Looking Downstream at the WallI visited my CSMP sites today for my weekly visit and took this photo of the fish that inhabit the area near my first location. I counted close to twenty fish, all brown trout, as I sat watching from behind the concrete wall. I’m pleased that I haven’t found much in the way of trash since I was here last. As the site is near the roadside I expect to see a fair amount of trash accumulate in the rocks that form the bank closest to the road. I took my typical readings and during periods of no rain it remains fairly constant, recently a rain fall event of .39in found the stream transparency to be affected even the next day. This stream will remain quite clear most of the time and to get more accurate measurments of stream transparency the MPCA sent me a longer transparency tube. At 100cm, what seems crystal clear may not actually be as clear as you think. 

My Friends

I decided to sample and monitor a second site downstream from this site at a bridge location to see the difference between the two sites as rain fall events occur. I have added a second data sheet and will include the second set of data when turning in the total summers data. I have begun to really enjoy this time near the stream and the trout, with fishing not typically on my mind I find I approach the fish wanting only to observe, get to know my new friends and after a while I might have names for a few of them, at least the biggest brown.

Still Water Fly Fishing

July 15, 2009

Popper RiggedThis past weekend saw the W.F.F. casting to warm water species on a lake in Northern Wisconsin. I was struck by the difference between the still water environment compared to the stream/creek environment I am so used to. We arrived Friday afternoon and after setting up the tent and getting settled I rigged a Black Popper and started swinging from the dock. There were several patches of lilies and I attempted to get the popper as close to them as possible without getting hooked, I did get it stuck quite a few times though. Having never fished a popper I questioned my approach, should it be stripped in hard and fast, once in a while made to pop? I tried both and after a bit I hadn’t gotten very far, the dog was begging me to let her go swimming distracting me from the bass that came up and smashed the popper less than five feet from the dock. I had stripped it in close to my feet and left it in the water when my dog came a whining. I heard the strike and instinctively set the hook and I was surprised to find that I hadn’t lost the fish.  I played it for a minute before landing it from the dock, I took pictures and released it.Wading the Lillies1st Bass On a Fly RodHaving to make dinner and get things for camp ready I put the stick away to try again at a later point and that did eventually happen. I tried the popper in and around several lilies all weekend, near downed trees, near grassy areas, any place I saw fish jumping of which there were many. I wet waded the sandy sections near lily pads enjoying the feeling of the water, not often am I submerged to my waist and swinging, it made me feel more connected to be in the water. Several turtles made appearances near me while fishing which was cool to see but after three days and several attempts I had yet to reproduce a fish. I tried different color poppers at different times of day with different styles of retrieve and nothing would bite. I’m glad I got the opportunity to spend time near the lake and work on fly fishing for other species of fish, a goal of mine I plan to continue.Smallie On The Popper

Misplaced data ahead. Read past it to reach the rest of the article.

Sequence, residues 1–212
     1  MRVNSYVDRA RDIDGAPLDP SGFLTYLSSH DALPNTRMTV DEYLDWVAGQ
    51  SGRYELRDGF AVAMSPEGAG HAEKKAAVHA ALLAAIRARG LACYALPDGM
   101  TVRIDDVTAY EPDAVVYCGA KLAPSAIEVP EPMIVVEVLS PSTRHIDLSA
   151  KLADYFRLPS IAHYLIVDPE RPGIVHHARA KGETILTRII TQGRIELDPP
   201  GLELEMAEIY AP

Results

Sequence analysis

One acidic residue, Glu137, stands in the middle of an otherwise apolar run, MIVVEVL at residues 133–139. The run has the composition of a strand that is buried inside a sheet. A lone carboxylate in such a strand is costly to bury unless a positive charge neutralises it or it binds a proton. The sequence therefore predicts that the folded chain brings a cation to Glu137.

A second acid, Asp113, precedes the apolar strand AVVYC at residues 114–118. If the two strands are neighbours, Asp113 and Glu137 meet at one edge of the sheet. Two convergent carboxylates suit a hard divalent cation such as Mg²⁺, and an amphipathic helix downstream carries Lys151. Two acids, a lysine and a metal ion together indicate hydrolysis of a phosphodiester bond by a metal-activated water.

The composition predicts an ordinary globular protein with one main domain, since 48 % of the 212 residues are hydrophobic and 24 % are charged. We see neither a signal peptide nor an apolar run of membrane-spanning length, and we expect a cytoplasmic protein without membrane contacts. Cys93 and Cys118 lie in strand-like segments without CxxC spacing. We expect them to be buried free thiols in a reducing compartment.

#16 Sparkle Larvae tied by The Winona Fly Factory

Note: On order, Beavertail Foam Cutters for Hopper bodies. Thanks to Mat at the Driftless Angler for a few ideas and being a nice person. I’ve got a few ideas cookin’, keep your eyes peeled for something awesome soon to come. 

July 3rd, Goal Met

July 4, 2009

Driftless Area Trout StreamWoke at 4:45am to drive. I met Joel at 6am we grabbed a mug of the black stuff and headed towards flowing water. The goal for the day was to get Joel, my soon to be brother-in-law, his first trout on a fly rod. I posted a while back about lending him my old rod/reel to practice casting and I know he practiced, it showed on the stream today. I’m no guide, and I don’t have all the answers but I was hoping with some willingness and a bit of luck I might get this guy hooked. We arrived and took a water temp of ~60 degrees at 7:15am and upon assessing the stream and the fish I decided to get him a trout we were going to have to go deep and nymph fish. I brought my rod but did not rig it until later, for now I was concerned with making sure Joel could ask questions and get information and advice as we went. I rigged his rod with a #14 Caddis larva pattern with a trailing PT nymph, knowing the water I added one small split-shot and explained that casting this rig with an indicator was going to be very different from the practice casting in the yard with no weight.